Tuesday, January 17, 2008
During the years I experimented with different sketching techniques. This article describes my actual drawing system.
the initial sketch
The initial sketch is made at the telescope with black pencils on a printed sketch template (PDF) on white DIN A5 sheet. The use of thick paper will avoid humidity problems.
I first observe the object carefully trying different eyepieces and telescopes.
Then I start sketching. A self made magnetic red lamp attached to the telescope gives off enough light without destroying the eye's darkness adaptation.
To record subjective impression of brightness, I use numbers reflecting a magnitude scale from 1 to 10.
Example: stars in M6 - butterfly cluster - Scorpio
Everything is allowed - except erasing errors by rubbing out parts of the sketch. I use written comments in stead or just strike throughs to correct the drawing. Often several drawings are needed because not all details can be captured in only one sketch.
Example: correcting errors in M70 - Globular Cluster - Sagittarius
The same numbered magnitude scale is used for nebula.
Example: Using numbers in Nebula (M42 and M43 - Orion)
But also written comments can be used to express visual appearance. Here another M42 with (dutch) comments:
the "Rotring" technique (stars)
At home, a new drawing on black paper is made. I tried out many sorts of pens, but only Rotring Micronorm pens delivered the desired result. I use 0.18mm pens for the faintest stars and 1mm for the brightest. Other thicknesses I use are 0.35 and 0.5, 0.7mm. The white ink appeared to be difficult to get. (Rotring Part Nr. R 591 018).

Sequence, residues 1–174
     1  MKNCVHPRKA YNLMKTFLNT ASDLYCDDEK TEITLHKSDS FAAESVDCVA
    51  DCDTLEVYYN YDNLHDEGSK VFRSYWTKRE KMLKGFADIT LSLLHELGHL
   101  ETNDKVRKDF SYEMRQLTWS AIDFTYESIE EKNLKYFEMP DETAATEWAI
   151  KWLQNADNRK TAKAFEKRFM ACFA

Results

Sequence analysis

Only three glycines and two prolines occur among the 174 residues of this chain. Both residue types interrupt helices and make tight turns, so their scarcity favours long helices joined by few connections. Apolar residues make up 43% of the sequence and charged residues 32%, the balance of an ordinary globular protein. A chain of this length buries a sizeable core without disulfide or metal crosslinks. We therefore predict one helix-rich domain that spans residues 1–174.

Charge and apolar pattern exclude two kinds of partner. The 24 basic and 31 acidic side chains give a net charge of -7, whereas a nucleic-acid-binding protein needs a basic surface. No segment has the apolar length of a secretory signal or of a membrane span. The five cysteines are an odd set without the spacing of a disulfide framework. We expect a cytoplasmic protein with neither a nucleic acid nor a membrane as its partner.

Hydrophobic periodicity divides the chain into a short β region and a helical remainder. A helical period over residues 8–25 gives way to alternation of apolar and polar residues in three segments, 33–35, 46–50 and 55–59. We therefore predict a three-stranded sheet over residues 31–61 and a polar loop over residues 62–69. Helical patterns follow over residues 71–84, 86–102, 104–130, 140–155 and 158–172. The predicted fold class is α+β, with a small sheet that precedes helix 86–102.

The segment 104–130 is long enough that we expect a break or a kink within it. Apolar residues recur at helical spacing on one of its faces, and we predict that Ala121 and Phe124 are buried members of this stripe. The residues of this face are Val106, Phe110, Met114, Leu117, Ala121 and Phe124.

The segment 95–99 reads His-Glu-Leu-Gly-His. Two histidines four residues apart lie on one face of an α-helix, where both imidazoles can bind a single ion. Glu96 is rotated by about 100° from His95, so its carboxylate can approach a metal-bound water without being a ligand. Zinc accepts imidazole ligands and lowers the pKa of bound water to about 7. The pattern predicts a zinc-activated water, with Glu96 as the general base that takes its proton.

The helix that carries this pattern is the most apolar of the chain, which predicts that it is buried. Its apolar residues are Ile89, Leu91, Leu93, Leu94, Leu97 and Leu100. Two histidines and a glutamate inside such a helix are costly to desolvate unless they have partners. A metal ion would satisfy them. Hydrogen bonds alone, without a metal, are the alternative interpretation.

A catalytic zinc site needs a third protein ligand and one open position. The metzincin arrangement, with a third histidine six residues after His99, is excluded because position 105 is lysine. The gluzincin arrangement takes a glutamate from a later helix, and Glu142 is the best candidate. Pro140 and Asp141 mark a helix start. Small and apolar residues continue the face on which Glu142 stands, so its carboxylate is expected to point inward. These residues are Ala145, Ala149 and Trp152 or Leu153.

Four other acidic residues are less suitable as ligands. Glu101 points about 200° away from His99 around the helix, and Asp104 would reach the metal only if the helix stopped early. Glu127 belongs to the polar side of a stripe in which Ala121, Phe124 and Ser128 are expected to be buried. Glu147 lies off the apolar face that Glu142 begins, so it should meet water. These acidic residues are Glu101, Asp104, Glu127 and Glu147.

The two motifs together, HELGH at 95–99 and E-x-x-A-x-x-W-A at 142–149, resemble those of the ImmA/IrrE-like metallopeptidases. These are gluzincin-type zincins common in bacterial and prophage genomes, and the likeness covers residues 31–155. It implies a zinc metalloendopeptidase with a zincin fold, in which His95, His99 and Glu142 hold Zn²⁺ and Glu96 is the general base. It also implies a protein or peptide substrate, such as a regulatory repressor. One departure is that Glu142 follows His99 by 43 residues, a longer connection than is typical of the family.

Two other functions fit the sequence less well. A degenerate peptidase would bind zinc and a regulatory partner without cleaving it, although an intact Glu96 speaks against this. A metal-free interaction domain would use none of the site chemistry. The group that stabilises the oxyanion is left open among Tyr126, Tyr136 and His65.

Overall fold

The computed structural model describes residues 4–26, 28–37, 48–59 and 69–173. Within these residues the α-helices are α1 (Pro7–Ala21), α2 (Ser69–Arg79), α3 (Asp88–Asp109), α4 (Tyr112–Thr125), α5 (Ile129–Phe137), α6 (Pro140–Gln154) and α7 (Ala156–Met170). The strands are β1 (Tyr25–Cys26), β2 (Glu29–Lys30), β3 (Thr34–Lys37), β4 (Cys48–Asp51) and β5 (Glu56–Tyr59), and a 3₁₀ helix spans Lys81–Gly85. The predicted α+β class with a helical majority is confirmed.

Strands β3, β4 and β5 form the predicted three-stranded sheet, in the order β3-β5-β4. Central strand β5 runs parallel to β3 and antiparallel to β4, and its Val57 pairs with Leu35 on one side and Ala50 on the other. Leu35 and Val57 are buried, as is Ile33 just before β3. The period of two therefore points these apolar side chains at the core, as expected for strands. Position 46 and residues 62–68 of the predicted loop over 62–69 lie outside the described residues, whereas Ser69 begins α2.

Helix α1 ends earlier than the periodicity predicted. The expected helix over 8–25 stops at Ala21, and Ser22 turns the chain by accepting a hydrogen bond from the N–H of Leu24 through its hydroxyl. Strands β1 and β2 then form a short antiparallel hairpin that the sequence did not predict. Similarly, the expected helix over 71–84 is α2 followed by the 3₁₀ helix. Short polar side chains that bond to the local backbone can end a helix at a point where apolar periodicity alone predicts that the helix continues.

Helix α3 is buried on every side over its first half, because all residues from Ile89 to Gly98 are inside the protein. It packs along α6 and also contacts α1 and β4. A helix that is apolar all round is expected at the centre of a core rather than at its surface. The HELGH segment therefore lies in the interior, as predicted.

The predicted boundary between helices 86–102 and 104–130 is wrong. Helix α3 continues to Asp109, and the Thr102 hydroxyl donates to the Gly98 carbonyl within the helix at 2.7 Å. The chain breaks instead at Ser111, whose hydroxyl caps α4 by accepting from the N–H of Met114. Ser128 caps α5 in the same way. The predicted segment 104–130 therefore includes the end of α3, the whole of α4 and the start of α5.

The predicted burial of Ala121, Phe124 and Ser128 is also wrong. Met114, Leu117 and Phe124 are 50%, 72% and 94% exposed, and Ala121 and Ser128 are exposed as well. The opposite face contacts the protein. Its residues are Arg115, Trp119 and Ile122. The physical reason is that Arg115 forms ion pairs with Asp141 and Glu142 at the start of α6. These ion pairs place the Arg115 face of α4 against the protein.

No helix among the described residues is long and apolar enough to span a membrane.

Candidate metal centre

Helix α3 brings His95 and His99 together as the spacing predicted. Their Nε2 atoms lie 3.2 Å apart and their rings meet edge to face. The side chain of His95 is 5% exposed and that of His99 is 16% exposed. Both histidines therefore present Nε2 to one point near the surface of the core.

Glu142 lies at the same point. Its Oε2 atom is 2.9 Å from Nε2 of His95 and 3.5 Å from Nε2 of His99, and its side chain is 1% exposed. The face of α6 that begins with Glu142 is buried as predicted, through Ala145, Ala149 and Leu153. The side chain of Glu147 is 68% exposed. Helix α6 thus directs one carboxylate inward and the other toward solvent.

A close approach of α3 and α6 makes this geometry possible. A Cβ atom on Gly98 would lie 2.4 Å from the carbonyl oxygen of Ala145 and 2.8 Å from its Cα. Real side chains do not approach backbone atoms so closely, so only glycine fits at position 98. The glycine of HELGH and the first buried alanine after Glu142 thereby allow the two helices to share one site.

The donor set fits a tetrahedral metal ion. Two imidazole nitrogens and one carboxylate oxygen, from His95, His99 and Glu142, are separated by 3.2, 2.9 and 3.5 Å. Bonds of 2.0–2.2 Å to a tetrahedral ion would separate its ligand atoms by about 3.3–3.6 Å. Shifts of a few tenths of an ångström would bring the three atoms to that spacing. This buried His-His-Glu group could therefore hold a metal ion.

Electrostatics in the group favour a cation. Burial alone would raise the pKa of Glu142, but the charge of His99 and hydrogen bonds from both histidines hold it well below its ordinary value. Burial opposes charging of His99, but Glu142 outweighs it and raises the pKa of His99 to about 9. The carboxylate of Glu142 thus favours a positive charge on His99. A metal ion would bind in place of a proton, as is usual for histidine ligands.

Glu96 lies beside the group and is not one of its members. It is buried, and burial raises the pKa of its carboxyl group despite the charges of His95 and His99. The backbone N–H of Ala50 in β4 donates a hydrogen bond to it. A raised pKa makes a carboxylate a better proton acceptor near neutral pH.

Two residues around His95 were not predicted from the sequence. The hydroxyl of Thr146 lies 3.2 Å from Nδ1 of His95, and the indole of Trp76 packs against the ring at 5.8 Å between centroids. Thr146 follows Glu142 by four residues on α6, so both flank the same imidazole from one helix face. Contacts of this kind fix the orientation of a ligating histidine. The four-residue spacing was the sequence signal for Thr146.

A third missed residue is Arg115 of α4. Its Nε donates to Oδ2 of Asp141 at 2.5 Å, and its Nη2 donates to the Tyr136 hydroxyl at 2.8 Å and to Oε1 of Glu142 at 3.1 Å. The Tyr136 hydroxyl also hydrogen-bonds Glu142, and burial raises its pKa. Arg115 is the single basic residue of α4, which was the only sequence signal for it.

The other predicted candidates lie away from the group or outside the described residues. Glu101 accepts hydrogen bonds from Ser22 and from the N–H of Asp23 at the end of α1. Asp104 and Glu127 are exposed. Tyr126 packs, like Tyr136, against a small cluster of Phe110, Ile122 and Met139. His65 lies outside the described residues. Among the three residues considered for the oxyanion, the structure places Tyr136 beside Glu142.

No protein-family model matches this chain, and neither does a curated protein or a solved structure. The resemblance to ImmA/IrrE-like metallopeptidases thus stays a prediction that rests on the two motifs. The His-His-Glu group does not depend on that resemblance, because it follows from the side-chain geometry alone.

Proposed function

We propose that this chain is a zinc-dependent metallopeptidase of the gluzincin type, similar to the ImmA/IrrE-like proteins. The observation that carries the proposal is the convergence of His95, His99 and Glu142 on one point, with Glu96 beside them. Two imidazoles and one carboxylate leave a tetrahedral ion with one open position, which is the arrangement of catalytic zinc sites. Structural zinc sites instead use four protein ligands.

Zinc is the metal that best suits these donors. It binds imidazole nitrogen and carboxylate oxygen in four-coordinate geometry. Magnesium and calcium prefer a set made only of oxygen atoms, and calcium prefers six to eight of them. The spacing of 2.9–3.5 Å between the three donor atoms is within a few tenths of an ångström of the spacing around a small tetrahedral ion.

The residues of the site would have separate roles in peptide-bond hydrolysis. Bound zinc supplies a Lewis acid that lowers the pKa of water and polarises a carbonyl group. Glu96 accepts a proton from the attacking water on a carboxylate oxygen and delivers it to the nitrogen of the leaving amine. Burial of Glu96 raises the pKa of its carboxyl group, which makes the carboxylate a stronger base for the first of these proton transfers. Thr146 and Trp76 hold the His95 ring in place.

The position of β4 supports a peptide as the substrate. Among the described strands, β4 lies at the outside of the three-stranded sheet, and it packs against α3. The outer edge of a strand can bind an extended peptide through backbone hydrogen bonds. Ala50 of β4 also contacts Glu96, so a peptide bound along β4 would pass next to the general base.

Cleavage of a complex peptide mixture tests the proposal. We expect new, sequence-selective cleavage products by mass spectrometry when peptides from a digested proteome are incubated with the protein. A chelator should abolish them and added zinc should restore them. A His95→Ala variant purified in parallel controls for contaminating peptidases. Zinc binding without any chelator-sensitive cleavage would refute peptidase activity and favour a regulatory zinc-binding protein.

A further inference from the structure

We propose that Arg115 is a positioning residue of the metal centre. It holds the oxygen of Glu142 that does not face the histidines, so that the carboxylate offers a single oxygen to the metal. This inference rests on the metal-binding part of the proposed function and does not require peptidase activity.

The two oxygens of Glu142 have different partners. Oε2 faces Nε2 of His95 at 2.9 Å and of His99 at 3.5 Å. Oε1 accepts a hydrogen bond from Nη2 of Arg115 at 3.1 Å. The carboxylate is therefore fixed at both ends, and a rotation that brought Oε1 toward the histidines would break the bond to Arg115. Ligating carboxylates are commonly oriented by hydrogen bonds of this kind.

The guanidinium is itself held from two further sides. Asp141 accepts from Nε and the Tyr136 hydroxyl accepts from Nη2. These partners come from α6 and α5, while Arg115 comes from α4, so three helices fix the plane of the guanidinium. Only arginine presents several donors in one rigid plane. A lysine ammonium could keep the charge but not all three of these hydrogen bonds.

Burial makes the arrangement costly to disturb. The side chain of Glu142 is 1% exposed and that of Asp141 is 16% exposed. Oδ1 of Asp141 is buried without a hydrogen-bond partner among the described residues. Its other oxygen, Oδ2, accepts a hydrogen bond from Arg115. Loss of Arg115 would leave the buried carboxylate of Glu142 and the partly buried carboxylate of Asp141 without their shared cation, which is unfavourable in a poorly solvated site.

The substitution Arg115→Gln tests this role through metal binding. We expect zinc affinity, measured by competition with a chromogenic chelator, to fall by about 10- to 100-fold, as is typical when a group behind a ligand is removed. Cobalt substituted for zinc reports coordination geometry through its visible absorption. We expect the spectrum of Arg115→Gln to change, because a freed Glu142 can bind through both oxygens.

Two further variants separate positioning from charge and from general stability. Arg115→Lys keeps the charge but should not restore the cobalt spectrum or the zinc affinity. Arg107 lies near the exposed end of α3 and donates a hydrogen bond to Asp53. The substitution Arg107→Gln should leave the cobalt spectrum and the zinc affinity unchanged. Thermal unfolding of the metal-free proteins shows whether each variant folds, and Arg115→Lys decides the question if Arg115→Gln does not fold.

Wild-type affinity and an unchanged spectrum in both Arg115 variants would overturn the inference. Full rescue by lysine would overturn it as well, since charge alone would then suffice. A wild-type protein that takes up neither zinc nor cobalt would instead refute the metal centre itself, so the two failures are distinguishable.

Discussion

A pair of compasses is handy for creating eye piece circles
The "Faber CasteL" technique (Nebula)
Above mentioned magnitude scale corresponds to about 10 different Polychromos Faber Castel pencils in the range from almost white to dark grey.
Faber Castel Polychromos Pencils
Here are the original Faber Castel numbers and names. The first two ("Dicky" and "Jolly") are no Faber Castel pencils, they're wax pencils - up to now I didn't use them since no nebula shines so bright ;).
Grey scale for magnitudes
The finishing touch
The drawing is complete after making necessary blurring and smearing. I found out that the best way to to this is by using the so called pressed paper "Estompen" pens:
After adding observation data the sketch is ready to be archived. If the sketch is really good, it can be scanned and published on this web site. I noted that scans of drawings on black paper produce much more realistic pictures than drawings on white paper that were inverted.